Muhammadiyah organization works to wrest back Muslim concepts from hardliners
Indonesian Muslims hold prayers to mark the start of the holy month of Ramadan at the Al Akbar mosque in Surabaya on June 5, 2016. (Photo by AFP)
In recent years hundreds of Indonesians have left to join extremist groups in the Middle East leading mainstream Islamic organizations to look for ways to prevent radicalization by influencing global discourse on Islam and violence.
One such organization, the Muhammadiyah, stands out from more conservative Islamic organizations seeking to do this by applying the teachings of respected elders whose rulings are firmly embedded in a particular interpretation of Islamic jurisprudence, or fiqh.
Muhammadiyah, however, rejects this traditionalism and is not confined to any one reading.
Fiqh is the ongoing interpretation of the Islamic principles guiding Muslims in their daily lives.
While Sharia is based on revelation, fiqh is based on human reasoning and much more practical.
It addresses a wide range of topics, from how to perform ablutions or prepare food, selecting a leader or going to war.
Muhammadiyah claims 50 million members and, besides mosques, schools and universities, it runs hospitals and charities across Indonesia. The organization stresses the need to return to the Quran and the exemplary conduct of the Prophet Muhammad.
They are pro-democracy and want to use human rights as a tool to fight terrorism. The organization's young activists are looking to reinterpret concepts within fiqh to wrest control over their faith's tenets back from hardliners, but the idea has its detractors.
"There is no comprehensive intellectual product in Indonesia which explains … how the Quran perceives terrorism," said Fajar Riza Ul Haq, Chairman of the Maarif Institute, an NGO founded by a former Muhammadiyah chairman.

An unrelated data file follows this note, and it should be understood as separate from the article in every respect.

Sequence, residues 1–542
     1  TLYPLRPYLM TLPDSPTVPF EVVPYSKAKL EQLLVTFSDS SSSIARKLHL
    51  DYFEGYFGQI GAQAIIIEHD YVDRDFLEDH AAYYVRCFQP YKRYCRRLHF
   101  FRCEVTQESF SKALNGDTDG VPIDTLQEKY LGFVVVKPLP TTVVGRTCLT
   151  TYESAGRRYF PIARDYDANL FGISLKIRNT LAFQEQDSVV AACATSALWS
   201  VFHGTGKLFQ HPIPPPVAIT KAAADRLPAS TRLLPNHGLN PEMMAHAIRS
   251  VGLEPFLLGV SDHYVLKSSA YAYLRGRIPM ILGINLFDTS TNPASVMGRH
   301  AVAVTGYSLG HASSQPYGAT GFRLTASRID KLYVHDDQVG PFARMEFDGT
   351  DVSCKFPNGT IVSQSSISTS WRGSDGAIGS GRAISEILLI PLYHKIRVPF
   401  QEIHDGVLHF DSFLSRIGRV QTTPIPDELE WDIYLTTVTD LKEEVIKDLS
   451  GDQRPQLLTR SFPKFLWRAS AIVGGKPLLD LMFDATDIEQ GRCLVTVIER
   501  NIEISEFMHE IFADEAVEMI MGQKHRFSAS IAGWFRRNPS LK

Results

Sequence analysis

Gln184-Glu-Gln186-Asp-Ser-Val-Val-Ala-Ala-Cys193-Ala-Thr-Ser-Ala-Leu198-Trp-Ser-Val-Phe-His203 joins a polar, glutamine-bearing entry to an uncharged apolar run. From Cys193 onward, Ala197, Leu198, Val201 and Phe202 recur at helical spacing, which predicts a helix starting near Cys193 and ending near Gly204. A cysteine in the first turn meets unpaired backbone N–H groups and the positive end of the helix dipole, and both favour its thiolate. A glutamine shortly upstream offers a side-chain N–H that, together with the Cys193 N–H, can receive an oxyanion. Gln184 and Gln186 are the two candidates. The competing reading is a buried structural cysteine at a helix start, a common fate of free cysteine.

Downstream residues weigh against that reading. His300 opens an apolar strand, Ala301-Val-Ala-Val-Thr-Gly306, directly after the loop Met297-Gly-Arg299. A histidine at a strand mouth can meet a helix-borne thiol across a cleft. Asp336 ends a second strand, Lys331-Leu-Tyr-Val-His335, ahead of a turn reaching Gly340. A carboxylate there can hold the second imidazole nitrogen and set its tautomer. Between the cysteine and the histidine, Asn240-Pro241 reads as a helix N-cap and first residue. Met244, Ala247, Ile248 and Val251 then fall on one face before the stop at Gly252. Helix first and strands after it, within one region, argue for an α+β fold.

"Many terrorists, for example ISIS or Boko Haram, act on [the idea of] Islamic jihad … we must confront them through the Quran and Islamic understanding [and create] a counter-narrative."
Political hardliners tend to disregard fiqh because it complicates their goal of rallying the faithful behind a one-dimensional cause.
Contrastingly, the goal of anti-terrorism fiqh is to reinterpret Islamic doctrines that have been misappropriated by radical theorists, like the concept of the caliphate.
"There is the concept [in the Quran] of people being tasked with a prophetic mission – that ayat [verse] exists," Haq explained.
"But the caliphate as a political system does not exist in the Quran … this is misunderstood by ISIS and like-minded groups."
"If the hard-liners use fiqh for their own terror, we must act like them — we must use similar terms but with different meanings," he added.
Not surprisingly, not everybody believes it would be useful to re-interpret Islamic jurisprudence in order to cleanse the world of terrorism.
Ismail Yusanto, spokesman of Hizbut Tahrir Indonesia (HTI), said that fiqh is not the problem but the bigger picture of global injustice.
Even though HTI's stated goal is the establishment of a caliphate ruled by Sharia law, Yusanto says the organization has from the start rejected ISIS.